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Lockdown Without Loss? A Natural Experiment of Net Payoffs from COVID-19 Lockdowns

with Gerard J. Tellis, Ashish Sood, and Nitish Sood. Journal of Public Policy & Marketing, 42(2), 133-151.

Lacking a federal policy to control the spread of COVID-19, state governors ordered lockdowns and mask mandates, at different times, generating a massive natural experiment. The authors exploit this natural experiment to address four issues: (1) Were lockdowns effective in reducing infections? (2) What were the costs to consumers? (3) Did lockdowns increase (signaling effect) or reduce (substitution effect) consumers’ mask adoption? (4) Did governors’ decisions depend on medical science or nonmedical drivers? Analyses via difference-in-differences and generalized synthetic control methods indicate that lockdowns causally reduced infections. Although lockdowns reduced infections by 480 per million consumers per day (equivalent to a reduction of 56%), they reduced customer satisfaction by 2.2%, consumer spending by 7.5%, and gross domestic product by 5.4% and significantly increased unemployment by 2% per average state by the end of the observation period. A counterfactual analysis shows that a nationwide lockdown on March 15, 2020, would have reduced total cases by 60%, whereas the absence of any state lockdowns would have resulted in five times more cases by April 30. The average cost of reducing the number of cases by one new infection was about $28,000 in lower gross domestic product.

Working papers

The Impact of Price and Reviewing Frequency on Ratings of Restaurants. 
with Gerard J. Tellis and S. Siddarth. Under review at the Journal of Marketing.

Online ratings play a major role in most consumers’ purchase decisions, but the impact of price and reviewing frequency on ratings is less known. The authors text-analyze 2.2 million reviews of over 5,000 restaurants from about 900,000 reviewers on Yelp. They exploit a quasi-experiment using ratings of restaurants in Los Angeles and Las Vegas and use generalized synthetic control to identify the causal impact of price and reviewing frequency on ratings. The main results are as follows. First, frequent reviewers write reviews that are significantly more 1) lengthy, 2) useful, 3) multi-dimensional, 4) non-extreme, 5) authentic, and 6) consistent with restaurants’ expert reviewers’ than do infrequent reviewers. These results suggest that frequent reviewers are more knowledgeable about restaurants. Second, infrequent reviewers give lower ratings to high-priced restaurants than frequent reviewers. These low ratings reduce the average Yelp ratings of several high-priced restaurants by an extra half star, potentially reducing revenues of those restaurants. These findings are robust to alternative measures of reviewing frequency and sample of restaurants. The authors discuss implications for theory, review platforms, consumers, and firms.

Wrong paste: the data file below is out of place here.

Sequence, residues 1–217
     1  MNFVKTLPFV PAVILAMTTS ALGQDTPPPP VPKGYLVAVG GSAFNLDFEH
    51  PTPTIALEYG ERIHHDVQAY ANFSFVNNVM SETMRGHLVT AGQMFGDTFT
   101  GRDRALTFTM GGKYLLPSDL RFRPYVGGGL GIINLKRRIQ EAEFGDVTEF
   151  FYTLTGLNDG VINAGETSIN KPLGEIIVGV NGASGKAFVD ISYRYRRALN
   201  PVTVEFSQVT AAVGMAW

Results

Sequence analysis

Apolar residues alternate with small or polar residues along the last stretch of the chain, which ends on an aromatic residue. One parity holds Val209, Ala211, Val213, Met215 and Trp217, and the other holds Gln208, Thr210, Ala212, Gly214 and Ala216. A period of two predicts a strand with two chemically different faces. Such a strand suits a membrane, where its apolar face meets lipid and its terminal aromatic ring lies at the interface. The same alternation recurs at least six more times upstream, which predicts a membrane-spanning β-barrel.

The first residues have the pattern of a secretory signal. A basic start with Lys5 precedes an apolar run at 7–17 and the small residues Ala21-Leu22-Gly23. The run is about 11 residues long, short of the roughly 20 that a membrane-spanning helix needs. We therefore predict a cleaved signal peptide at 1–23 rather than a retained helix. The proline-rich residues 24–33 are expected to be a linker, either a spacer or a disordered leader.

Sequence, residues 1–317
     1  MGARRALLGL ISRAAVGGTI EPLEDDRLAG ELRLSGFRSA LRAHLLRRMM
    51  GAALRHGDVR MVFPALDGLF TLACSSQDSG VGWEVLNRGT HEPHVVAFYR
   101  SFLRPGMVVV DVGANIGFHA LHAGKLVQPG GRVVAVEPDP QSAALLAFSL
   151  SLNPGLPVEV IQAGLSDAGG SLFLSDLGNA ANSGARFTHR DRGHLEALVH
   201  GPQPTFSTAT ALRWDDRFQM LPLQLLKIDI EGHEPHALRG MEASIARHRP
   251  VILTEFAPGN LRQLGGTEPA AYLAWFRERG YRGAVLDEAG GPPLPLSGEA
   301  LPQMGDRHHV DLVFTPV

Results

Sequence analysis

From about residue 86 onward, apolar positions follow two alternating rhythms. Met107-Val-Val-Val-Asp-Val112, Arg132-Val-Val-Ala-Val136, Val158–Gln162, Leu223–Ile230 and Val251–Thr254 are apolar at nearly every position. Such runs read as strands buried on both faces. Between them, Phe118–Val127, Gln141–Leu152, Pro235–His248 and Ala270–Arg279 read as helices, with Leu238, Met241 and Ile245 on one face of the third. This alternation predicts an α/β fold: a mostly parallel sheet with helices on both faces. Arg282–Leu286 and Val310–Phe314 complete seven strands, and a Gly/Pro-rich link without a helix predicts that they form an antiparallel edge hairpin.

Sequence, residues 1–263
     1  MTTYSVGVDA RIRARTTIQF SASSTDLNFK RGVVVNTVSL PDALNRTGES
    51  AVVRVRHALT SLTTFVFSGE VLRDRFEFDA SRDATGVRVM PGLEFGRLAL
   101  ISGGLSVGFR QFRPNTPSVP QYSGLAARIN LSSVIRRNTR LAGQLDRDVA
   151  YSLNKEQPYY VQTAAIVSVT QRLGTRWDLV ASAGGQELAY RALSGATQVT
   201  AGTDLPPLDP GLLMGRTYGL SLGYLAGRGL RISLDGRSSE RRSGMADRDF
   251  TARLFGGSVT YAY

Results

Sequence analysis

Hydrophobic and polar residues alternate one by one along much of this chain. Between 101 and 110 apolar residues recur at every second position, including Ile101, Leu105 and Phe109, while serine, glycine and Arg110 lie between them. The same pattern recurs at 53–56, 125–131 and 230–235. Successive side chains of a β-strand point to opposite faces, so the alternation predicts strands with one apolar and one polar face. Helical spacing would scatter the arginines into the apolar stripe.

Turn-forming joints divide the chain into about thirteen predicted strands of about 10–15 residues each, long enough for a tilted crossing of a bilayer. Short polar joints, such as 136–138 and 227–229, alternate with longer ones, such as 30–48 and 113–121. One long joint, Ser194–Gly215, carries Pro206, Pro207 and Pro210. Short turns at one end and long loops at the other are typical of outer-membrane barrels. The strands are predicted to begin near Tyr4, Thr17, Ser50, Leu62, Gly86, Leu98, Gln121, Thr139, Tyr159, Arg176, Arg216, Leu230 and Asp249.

New Product Entry for Long Term Survival: Waterfall, Sprinkler, or Niche?
with Gerard J. Tellis and S. Siddarth. 

Launch strategies play a critical role in the long-term success of products, yet they have not been addressed in the literature. The authors test the ten-year survival of over 650 new products launched in 18 categories in the $360 billion US CPG market. They use a two-stage model: 1) Multinomial logit model of strategy choice as a function of the type of firm and category and 2) Hazard of survival as a function of strategy choice plus controls. Results are as follows. First, firms widely use a strategy that has not been analyzed in the literature – niche – besides previously reported waterfall and sprinkler strategies. Second, the niche strategy has the widest use, but the waterfall strategy has the longest survival. Third, a substantial mismatch exists between firms’ current choice of strategy and the best strategy for long-term survival. Fourth, the model’s predicted long-term survival is superior to that of baseline models in out-of-sample tests. The study has critical implications for new product strategies.

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